Our walk down was less interesting, and will take up less space here. The walk down was swift, passing fields full of horses in their winter coats. The most peculiar thing we passed was a series of fenced off underground vents, with a warning that audio recording devices were in effect. The sign had the logo of United Utilities, but this site was far from the reservoirs. To add intrigue to mystery as we neared the fence we heard a low roaring sound, reminiscent of a caged troll or similar. Only the cool, sanity preserving air prevented me from going on some kind of Dungeons and Dragons-like quest into the hillside.

To top the day off, at the end and before reaching the point we started from we sojourned to the Oxford Street Chippy where Fish and Chips (Roy) and Chips and Sausage (myself) were served by two lovely young wenches, a busty red head and pretty young blonde (who found my name tag of 'SerpentSlayer' a little chuckle-worthy) who made a charming little English chippy all the more charming. The chips were a rare delight, cooked the traditional English way that the omnipresent Chinese chippies just can't compete with (though I am partial to the odd portion from Alan Po Fongs in Droyslden) and the sausage was equally enjoyable.

I do encourage everyone here, who is able and willing to give Bill's 'Walks in Tameside' Website a look and to try out this bracing but not too difficult walk, right on the doorstep of Stalybridge.

I would like to thank Serpent Slayer and Mr West for going to the trouble of writing this article and supplying the accompanying photographs (apart from the Oxford Street chippy which was taken by me earlier this year) and videos. When you get the bug for the great outdoors it opens up a whole new chapter in your life. Serpent Slayer has a blog of his own which can be viewed here. Some of the content may not be to everyone's taste at first glance, but if you study the content carefully it is difficult to fault much of what he says. Tameside Citizen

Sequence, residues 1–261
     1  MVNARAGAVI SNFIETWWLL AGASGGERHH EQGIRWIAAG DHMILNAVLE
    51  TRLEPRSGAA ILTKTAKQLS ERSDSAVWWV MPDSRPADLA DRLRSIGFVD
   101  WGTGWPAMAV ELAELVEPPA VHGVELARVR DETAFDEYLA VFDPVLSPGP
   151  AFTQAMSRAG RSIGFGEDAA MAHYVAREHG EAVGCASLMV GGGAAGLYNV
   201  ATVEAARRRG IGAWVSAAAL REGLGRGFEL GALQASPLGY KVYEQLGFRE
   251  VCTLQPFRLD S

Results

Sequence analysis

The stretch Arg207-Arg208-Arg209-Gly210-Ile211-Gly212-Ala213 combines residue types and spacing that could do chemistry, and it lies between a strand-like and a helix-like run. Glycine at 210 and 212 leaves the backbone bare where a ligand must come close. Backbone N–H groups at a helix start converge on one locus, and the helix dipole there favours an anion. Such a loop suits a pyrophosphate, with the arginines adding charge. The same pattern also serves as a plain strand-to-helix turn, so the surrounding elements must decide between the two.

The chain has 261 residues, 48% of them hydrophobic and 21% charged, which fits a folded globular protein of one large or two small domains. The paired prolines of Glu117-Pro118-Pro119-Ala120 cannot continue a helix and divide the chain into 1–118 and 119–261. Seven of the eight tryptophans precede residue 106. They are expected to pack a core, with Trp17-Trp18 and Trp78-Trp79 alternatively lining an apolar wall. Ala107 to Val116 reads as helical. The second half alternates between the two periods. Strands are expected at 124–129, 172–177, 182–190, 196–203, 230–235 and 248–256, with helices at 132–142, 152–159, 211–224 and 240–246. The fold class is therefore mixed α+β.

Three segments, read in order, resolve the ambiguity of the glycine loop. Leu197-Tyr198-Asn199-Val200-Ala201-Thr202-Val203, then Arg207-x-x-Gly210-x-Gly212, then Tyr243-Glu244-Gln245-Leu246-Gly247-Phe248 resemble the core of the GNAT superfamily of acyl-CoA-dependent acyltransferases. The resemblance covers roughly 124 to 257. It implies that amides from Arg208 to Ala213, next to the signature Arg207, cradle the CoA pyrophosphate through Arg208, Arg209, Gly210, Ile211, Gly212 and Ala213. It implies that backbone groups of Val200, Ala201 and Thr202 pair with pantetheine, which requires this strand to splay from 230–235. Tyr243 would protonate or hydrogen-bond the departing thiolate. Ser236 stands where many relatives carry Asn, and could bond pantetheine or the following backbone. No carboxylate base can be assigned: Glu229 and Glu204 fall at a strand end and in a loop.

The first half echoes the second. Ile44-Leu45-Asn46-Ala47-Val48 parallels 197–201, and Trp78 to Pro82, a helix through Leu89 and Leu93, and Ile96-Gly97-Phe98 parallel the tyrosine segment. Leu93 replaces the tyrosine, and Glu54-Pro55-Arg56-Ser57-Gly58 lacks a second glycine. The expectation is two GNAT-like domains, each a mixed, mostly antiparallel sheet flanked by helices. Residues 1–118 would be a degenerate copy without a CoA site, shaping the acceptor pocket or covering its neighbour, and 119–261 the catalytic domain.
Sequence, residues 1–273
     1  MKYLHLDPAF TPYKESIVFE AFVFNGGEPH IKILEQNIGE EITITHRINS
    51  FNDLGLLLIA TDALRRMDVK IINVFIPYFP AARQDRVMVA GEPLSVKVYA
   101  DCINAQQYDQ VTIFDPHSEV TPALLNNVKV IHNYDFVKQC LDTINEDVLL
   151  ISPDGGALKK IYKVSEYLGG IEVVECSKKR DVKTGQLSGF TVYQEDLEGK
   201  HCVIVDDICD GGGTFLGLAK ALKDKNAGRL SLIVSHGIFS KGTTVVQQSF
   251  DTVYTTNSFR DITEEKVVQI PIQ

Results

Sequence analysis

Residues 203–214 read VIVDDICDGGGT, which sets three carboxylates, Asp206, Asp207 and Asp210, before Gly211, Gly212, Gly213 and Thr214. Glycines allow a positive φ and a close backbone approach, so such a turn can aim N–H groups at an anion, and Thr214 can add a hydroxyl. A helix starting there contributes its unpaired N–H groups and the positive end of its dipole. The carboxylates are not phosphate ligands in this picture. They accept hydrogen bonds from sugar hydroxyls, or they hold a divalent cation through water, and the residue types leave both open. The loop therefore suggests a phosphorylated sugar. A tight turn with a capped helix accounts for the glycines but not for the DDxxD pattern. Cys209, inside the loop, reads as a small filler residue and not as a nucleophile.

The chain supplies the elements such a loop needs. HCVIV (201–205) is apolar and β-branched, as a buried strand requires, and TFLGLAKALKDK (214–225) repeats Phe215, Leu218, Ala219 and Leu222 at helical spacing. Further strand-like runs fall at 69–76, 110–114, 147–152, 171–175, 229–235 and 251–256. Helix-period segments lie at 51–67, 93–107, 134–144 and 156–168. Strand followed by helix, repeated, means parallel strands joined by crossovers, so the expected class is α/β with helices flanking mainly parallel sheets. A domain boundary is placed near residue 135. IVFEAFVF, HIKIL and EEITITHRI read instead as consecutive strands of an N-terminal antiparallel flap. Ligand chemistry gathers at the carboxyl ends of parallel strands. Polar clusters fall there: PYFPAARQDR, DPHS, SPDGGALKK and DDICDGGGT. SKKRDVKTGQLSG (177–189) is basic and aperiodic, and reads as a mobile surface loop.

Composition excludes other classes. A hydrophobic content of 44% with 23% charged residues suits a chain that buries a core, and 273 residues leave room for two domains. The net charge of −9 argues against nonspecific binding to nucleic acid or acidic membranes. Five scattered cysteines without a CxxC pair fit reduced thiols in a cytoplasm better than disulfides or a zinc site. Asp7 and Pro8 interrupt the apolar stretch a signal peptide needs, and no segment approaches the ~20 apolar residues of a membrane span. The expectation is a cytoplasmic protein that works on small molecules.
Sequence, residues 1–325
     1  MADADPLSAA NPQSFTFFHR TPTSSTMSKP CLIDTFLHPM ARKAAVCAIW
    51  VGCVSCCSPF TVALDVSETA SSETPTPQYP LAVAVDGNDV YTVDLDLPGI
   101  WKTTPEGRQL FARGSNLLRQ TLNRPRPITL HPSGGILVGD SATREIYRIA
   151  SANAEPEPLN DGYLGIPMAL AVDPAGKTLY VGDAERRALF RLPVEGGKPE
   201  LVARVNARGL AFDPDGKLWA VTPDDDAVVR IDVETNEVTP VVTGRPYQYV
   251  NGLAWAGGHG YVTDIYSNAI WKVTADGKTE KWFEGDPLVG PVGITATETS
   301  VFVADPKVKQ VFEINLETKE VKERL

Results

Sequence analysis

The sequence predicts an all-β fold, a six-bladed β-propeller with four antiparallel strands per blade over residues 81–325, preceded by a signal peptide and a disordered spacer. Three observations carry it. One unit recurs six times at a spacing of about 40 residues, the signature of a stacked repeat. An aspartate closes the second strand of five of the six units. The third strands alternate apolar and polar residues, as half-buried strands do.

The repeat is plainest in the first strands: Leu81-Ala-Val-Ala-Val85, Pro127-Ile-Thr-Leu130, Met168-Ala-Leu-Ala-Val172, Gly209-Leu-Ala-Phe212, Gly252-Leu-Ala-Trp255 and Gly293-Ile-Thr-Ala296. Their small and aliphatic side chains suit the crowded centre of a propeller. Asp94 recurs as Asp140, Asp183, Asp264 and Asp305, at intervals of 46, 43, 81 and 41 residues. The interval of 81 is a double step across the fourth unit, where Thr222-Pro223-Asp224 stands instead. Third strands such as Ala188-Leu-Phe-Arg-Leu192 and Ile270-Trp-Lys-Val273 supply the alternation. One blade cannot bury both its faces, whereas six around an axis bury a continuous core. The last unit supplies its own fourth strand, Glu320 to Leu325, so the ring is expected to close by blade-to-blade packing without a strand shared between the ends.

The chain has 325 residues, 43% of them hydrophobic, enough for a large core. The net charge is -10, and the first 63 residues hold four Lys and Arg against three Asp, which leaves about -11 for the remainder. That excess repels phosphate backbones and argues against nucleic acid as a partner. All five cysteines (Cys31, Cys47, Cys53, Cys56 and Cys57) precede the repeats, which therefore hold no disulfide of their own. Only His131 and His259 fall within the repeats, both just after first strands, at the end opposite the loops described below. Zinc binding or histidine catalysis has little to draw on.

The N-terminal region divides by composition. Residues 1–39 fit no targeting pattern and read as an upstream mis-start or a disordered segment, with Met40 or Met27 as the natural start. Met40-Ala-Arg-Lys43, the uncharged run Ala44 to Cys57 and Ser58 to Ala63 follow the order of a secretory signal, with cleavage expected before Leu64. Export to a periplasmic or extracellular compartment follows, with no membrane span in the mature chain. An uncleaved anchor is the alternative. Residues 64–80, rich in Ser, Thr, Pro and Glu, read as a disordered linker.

Anonymous said...

Looks like you had a good day.

SerpentSlayer said...

We did, the wilderness is always preferable to civilisation as far as I am concerned. I'm loving the wind at the moment.

Das Reich said...

Nice camo jacket, but get a bloody haircut.

Anonymous said...

Certainly beats the gym treadmill (like a hamster in a wheel). Though I'm sure you'd enjoy even more in milder weather conditions. Many people like hiking in groups, but personally it's one pastime I always do alone (other than with the pooch). Being in Tameside it's handy having such great open country just up the road where you can escape people and the modern human world in general. Nietzsche summed it up well...

"We enjoy being in the open countryside so much because it has no opinion concerning us"

Bill said...

Great write up Serpent Slayer, I am glad both Roy and yourself enjoyed the walk. Hollingworthall Moor is a peaceful place anytime of the year and the views are the best in Tameside, especially on a clear day.

Thanks for the mention, it's appreciated. If you or any of TC's readers would like the PDF with mapping of the route, just email me at and I will email you a copy.

The full route starting at Hobson Moor Road covers all 4 reservoirs, Harridge and Hollingworthall Moor.


Bulldoze the houses not OUR countryside said...

The potential noise from the Mottram bypass would ruin much of the serenity of that walk.

Anonymous said...

Highest peak in Tameside. Hardly Ranulph Fiennes is it now?

SerpentSlayer said...

Aye, not much danger in it but if it did have my account would be on a mountainclimbing website instead. The beauty of this walk is that anybody reasonably fit can do it and it is on our doorstep. May take you up on that offer Bill.

Fatherland said...

Countryside 'on our doorstep' is the key. Large open spaces near heavily populated areas are, and will increasingly become on our current course, of much greater value and usefulness in terms of people's everyday lives, than open spaces in the middle of nowhere.